There have been many movies done in and around Calgary.  It is not odd to see famous people on the streets.  Clint Eastwood, (Unforgiven); Charles Bronson and Donald Sutherland (The Mad Trapper), Christopher Reeves (Superman) and even Anthony Hopkins and Brad Pitt (Legends of the Fall).  As is their way, most Calgarians leave them in peace to enjoy Calgary.

Theaters: – There are many theaters in Calgary including Live Theatre.  I watched Phantom of the Opera in the Jubilee Auditorium and had to see it twice.  Stage West – has a dinner/live play show.  Again in One Dance with a Stranger, my couple goes to Stage West.  In the downtown Theater Live,  you can go to many popular shows of the time.

Dining: – Dining in Calgary is an experience as well.  Although there is an immense variety of international and national cuisines I would recommend Smugglers – and have an authentic Alberta Grade A steak.  There is nothing like it.  Visit China Town and try Dim Sum for authentic Chinese delight.  It was an enjoyable experience also.  


And on every street corner try my favorite: – First thing in the morning,  a refreshing break any time and a must after nightclubbing.  Try Tim Horton’s coffee.

Calgary, Alberta

I always loved Calgary, even as a child.  Calgary meant an exciting, vibrant city. When I finally went there, it was all I thought and better. The first time I saw the city at night, the lights were awesome.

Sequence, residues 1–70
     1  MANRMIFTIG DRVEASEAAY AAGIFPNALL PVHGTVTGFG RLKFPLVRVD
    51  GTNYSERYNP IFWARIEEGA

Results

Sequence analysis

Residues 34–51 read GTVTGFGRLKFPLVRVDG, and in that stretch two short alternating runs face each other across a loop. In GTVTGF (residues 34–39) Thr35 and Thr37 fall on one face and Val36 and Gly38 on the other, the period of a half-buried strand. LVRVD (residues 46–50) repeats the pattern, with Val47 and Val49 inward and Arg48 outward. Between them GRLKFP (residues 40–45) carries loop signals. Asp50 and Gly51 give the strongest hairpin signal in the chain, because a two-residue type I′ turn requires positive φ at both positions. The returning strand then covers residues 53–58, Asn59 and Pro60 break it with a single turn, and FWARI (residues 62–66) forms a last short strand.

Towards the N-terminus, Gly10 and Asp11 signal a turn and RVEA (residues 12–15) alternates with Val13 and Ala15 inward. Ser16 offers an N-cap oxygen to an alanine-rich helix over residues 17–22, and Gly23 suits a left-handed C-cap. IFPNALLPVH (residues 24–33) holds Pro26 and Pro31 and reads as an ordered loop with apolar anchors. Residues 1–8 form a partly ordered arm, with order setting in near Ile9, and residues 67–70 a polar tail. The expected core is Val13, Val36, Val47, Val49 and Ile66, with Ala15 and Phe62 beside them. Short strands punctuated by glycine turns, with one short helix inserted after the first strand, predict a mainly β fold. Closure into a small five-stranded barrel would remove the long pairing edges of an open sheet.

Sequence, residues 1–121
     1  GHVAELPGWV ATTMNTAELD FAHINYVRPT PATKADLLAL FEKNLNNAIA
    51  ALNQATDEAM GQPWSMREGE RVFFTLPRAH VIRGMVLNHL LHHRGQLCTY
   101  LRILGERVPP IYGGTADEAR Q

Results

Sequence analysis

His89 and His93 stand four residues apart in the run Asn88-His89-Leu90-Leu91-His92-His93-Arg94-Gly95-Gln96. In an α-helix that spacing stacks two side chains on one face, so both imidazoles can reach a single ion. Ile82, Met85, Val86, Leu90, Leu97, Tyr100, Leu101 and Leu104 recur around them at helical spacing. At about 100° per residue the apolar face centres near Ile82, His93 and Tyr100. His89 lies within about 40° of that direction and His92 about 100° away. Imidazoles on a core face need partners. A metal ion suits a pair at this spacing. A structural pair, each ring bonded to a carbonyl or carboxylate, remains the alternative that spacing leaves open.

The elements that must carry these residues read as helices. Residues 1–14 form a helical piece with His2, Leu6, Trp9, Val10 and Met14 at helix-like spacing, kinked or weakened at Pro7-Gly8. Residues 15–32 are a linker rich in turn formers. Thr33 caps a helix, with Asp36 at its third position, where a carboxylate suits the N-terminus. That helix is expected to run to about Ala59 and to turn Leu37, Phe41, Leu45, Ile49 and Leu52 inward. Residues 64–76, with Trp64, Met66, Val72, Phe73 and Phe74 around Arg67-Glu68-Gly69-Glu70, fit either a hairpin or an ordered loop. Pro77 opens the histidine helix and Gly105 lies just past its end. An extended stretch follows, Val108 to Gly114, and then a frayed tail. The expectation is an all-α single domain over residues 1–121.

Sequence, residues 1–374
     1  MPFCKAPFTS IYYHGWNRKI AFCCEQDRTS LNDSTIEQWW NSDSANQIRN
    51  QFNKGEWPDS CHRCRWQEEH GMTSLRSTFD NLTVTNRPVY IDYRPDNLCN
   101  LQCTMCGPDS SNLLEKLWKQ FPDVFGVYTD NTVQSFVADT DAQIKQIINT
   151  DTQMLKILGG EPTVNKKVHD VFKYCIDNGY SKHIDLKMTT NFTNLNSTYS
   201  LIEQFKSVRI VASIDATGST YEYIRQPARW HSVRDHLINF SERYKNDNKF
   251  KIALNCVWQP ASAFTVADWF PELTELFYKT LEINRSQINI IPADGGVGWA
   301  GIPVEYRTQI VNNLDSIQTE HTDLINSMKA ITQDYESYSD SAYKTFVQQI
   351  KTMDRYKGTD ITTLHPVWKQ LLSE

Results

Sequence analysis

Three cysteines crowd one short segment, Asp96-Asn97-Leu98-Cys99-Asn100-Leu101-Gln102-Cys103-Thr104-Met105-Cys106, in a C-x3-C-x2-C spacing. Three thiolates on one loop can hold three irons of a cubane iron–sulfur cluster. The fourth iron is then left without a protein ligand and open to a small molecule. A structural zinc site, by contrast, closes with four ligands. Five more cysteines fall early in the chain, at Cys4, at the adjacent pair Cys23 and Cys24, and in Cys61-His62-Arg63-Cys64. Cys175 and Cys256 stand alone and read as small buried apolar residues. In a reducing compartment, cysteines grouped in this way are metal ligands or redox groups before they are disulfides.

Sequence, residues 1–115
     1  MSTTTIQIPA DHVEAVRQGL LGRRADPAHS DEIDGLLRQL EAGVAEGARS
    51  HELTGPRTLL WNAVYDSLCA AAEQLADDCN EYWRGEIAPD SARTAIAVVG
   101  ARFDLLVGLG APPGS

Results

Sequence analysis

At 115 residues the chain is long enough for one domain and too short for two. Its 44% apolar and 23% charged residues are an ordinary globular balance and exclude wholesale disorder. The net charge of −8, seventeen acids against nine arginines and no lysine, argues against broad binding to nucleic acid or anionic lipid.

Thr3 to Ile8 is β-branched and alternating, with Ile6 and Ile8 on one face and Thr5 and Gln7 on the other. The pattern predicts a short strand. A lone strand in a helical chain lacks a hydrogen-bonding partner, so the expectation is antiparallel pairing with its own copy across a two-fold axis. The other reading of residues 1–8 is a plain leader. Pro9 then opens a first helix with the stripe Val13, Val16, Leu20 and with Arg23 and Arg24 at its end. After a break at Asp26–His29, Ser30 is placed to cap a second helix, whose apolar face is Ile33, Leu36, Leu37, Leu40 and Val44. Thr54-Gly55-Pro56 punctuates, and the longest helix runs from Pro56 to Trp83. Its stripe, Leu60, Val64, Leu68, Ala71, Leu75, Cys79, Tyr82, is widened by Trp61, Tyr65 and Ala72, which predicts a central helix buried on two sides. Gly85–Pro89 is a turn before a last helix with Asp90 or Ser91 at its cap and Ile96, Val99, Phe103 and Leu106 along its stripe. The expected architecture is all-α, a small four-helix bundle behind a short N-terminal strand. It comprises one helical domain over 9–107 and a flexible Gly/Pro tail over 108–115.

Now, although I don’t live there I long to return.  I have a son who lives there with my new grand-daughter and the friends I made are fantastic.  They still live in Calgary.  Most of my close relatives live there or near there.  Sometimes I feel so isolated.

Two of my stories are set in or around Calgary.   Alberta Wild Rose, a historical romance is set in the surrounding area of Calgary.  And One Dance with a Stranger, a contemporary romance is set in Calgary.

The story I’m working on, Seraphim, also takes place mainly in Calgary.

 This is a picture my son took just recently – Calgary, Alberta 2012


This is a picture my friend took a few years ago when leaving Calgary.

Thank you Carol of Malibu Dreams Photography. 

As there is no Tim Horton’s where I live now, using Adobe Photoshop, I inserted a cup of my favorite brew into another picture Carol (Malibu Dreams Photography) took at Lake Louise, near Calgary.

Another – Riding Shotgun Trip


There is much traffic between Alberta and Texas or Louisiana.  Gas & Oil companies change their personnel about every two years between these places.  Calgary, Alberta has the largest percentage of Americans outside the USA in the world.  I found that a very interesting statistic.

As my husband was moving furniture at the time he often got moves to these states.  I decided to go with him to Louisiana one time as we could get down there on a Friday and he didn’t have to unload until the following Monday.